This post examines the effects of declining in marriage and increasing divorce. Have women benefitted from these changes like some Feminists suggests. Are these trends signs of moral decline like the The New Right suggest, or are these trends just part of the broader process of individualisation and increasing reflexivity and nothing to worry about?
Sociological Perspective on Declining Marriage and Increasing Divorce
What replaces married couples?
- Probably the most fundamental thing is that people’s attitudes towards marriage have change. The idea that marriage is a necessary tradition or a sacred duty have declined drastically, marriage is now seen as a choice.
- There is greater family and household diversity as a result.
- Despite the decline of marriage, most people still ‘couple up’ – cohabitation has increased.
- Cohabiting couples are more likely to break up, so relationships have become more unstable. A related factor here is that serial monogamy, rather than out and out promiscuity throughout one’s life appears to be the new norm.
- High levels of divorce create more single parent households and more single person households, as well as more reconstituted families
- Finally, it is important not to exaggerate the decline of marriage – most households are still headed by a married couple.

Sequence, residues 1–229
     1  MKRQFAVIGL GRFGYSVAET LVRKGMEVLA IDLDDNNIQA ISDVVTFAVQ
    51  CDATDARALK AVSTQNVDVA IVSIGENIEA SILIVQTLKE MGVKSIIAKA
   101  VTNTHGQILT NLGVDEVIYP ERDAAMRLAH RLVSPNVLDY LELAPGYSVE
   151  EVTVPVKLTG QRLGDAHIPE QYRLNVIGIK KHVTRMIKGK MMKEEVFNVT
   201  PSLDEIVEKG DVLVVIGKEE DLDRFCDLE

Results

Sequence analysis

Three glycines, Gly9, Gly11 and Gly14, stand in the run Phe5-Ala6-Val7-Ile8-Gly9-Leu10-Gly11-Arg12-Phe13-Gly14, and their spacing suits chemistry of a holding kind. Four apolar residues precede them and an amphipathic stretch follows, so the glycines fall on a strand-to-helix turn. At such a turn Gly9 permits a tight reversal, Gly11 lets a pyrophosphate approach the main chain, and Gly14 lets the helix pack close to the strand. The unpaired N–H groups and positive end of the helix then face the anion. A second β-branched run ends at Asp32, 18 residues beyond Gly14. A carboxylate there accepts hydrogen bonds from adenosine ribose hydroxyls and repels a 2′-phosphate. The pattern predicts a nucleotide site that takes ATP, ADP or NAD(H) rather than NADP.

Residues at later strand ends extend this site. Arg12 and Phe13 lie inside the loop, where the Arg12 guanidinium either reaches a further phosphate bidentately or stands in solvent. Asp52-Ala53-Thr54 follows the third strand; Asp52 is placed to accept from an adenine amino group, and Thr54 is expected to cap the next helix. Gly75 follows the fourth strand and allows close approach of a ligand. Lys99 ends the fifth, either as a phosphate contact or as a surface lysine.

Feminists would generally see the decline of marriage as a tradition as a good thing, because traditional marriage is a patriarchal institution. Most divorces proceedings are initiated by women which suggests that marriage works less well for women than for men.
However, Radical Feminists would point out that the increase in divorce has not necessarily benefited women – as children go to live with the mother in 90% cases following a divorce, and single parent families (mostly female) suffer higher levels of poverty and stigma.
The New Right/ Functionalists
Would interpret these trends in a negative way, as indicating a decline in morality, and a breakdown of social structure and order – the family is supposed to be the fundamental building block of society, and it is difficult to see what will replace it. Without the family we risk less effective primary socialisation and more problem children as well as more anomie for adults.
The decline of marriage and increase in divorce reflect the fact that we are part of a consumer society where individual choice is central to life. The end of the ideology of the nuclear family is seen as good, and Postmodernists tend to reject the idea that the traditional married nuclear family is better than other family forms, so these trends are not a significant problem for either the individual or society.
People still value marriage but changes in the social structure make it harder to start and to maintain stable relationships – greater gender equality means it’s harder to please both partners, and the fact that both people have to do paid work doesn’t help with the communication required to keep a relationship going, or help with people getting together in the first place.